Americans Eat More Cheese Than Ever Before

By Lisa Raffensperger | September 25, 2013 12:35 pm

cheese cubes

Since 1970 the amount of cheese consumed per person in this great nation has tripled. That’s according to a report card (pdf) released this week by the Center for Science in the Public Interest.

The overall dairy numbers paint a not-terrible picture in terms of fat content, with Americans eating less full-fat ice cream and more low-fat yogurt. But the rise in cheese consumption—from 8 pounds per person per year in 1970 to 23 pounds in 2010—brings the dairy grade down to a C-. (The grades are subjective, but are meant to show how our present eating habits stack up to an ideal diet.)

cheese consumption graph

Courtesy of Center for Science in the Public Interest

The Agricultural Marketing Resource Center, an industry group, treats the rise in cheese-eating cheerfully. They attribute it, in part, to the fact that we’re eating out more and, surprise surprise, restaurants love putting cheese in and on our food.

But a New York Times article from 2010 offers a more startling analysis: the U.S. Department of Agriculture is helping restaurants put more cheesy foods on their menus even as other parts of the agency encourage Americans to eat fewer saturated fats.

The quasi-governmental Dairy Management agency was established to boost milk, and cheese, consumption, the Times reports:

Urged on by government warnings about saturated fat, Americans have been moving toward low-fat milk for decades, leaving a surplus of whole milk and milk fat. Yet the government, through Dairy Management, is engaged in an effort to find ways to get dairy back into Americans’ diets, primarily through cheese…

In a series of confidential agreements approved by agriculture secretaries in both the Bush and Obama administrations, Dairy Management has worked with restaurants to expand their menus with cheese-laden products.

Those restaurants, according to Dairy Management’s website, include McDonald’s, Domino’s and Taco Bell. Another reason, then, to resist the Cheesy Gordita Crunch: it has a slightly nefarious aftertaste.

Via The Atlantic

Top image by George Ruiz via Flickr

MORE ABOUT: nutrition
  • Buddy199

    Well, we are the number one emitter of greenhouse gas.

    • abinico

      And what does this have to do with cheese? Cow farts maybe?

  • abinico

    There is nothing wrong with saturated fats; there is nothing wrong with cholesterol. These two are vital nutrients especially for a healthy brain. What is really bad is hydrogenated and trans fats – avoid completely. And this is yet another poorly written article that does not mention the important facts.

    • Joan

      agreed. Articles such as this one help perpetuate many misconceptions.

      • hirschmead321

        My Uncle Anthony just got Mercedes-Benz C-Class Coupe just by part time work from a computer… read the article w­w­w.J­A­M­20.c­o­m

  • Nicole Wiese

    I’m responsible for at least half of that cheese consumption. Cheese and fat don’t make you fat, sugar and excess carbs do. Please check the science next time.

  • Olga Starcher

    I’ll probably fall around 23 lbs/year in my cheese consumption. I’m not overly concerned though. I do not eat butter, I do not cook with oil, I do not eat bacon, I do not eat meat that is less than 93% lean (98% usually), I eat red meat no more than once or twice a week. The milk I buy is fat-free. The dressings I buy are reduced-fat. Even with the increase in cheese intake, I’m still willing to bet that I consume less fat in a day than prior generations (you know, the people who cooked their food in animal lard).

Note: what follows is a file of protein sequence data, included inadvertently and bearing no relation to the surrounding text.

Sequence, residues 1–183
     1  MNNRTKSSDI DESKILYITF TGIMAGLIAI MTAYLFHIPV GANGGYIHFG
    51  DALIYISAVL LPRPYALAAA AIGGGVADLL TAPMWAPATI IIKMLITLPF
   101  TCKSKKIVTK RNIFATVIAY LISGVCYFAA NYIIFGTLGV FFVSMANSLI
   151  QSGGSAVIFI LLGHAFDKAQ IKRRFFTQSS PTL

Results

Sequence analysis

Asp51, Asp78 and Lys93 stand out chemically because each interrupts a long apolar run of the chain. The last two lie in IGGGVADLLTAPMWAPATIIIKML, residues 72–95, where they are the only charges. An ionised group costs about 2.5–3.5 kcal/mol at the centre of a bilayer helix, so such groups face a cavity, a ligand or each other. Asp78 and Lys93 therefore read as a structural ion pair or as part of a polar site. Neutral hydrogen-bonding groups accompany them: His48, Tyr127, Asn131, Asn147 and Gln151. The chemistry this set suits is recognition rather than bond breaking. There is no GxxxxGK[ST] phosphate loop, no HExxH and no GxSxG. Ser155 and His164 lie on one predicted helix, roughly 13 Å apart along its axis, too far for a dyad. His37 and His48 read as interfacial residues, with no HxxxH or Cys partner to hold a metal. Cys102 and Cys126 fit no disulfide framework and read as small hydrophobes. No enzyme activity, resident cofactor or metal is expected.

• Jared C

      Prior generations… You know, the people that had much better health than we currently do in America. :)

      • Olga Starcher

        Some. Others not so much. My grandparents’ generation is having a hell of a time with diabetes and heart disease (my grandparents included). My great-grandma had recently “discovered” that half a stick of butter in mashed potatoes was contributing greatly to her heartburn. Who’d have guessed!

        Were older generations thinner? YES! Most traditional diets and comfort foods are based on farming lifestyle. If we worked physically even half as much as our grandparents and great-grandparents did, we could eat hearty helpings of bacon too.

        But the bottom line is that making a choice to get your daily fat intake from cheese is not necessarily an indicator of how you eat as a whole. My piece of cheese on grilled chicken sandwich I make at home will do me far less harm than any “healthy” salad at a fast food joint. It’s also far better for me than sweetened Greek yogurt (some with whopping 230 calories per sadly-skimpy cup).

        • Jared C

          Your keyword is “is”. We are all currently having problems with heart disease and diabetes, yes.. but in the past, those numbers were minuscule. Over the past 100 (but mostly the past 30) years we have made a transition away from saturated fats towards vegetable oils (polyunsaturated). This move, I feel, is a significant factor to blame in the current health crisis. We’ll see how the science pans out, but more and more it is supporting the notion that saturated fat is not harmful. (And also extremely beneficial towards optimal human health.)

  • jobdevaa

    McDonald’s, Domino’s and Taco Bell.are restaurants? Maybe on another planet
    Fat doesn’t cause strokes and heart attacks Cholesterol kills more people than fat. All the fast food stores brag about their healthy meals
    but none dares mention cholesterol, sodium or sugar. Of course all three in moderate amounts is fine but the foods served by fast food stores is laden with all three. Most processed food is. That’s why their products taste so good. H.L. Mencken had it right “No man went broke underestimating the intelligence of the American people”


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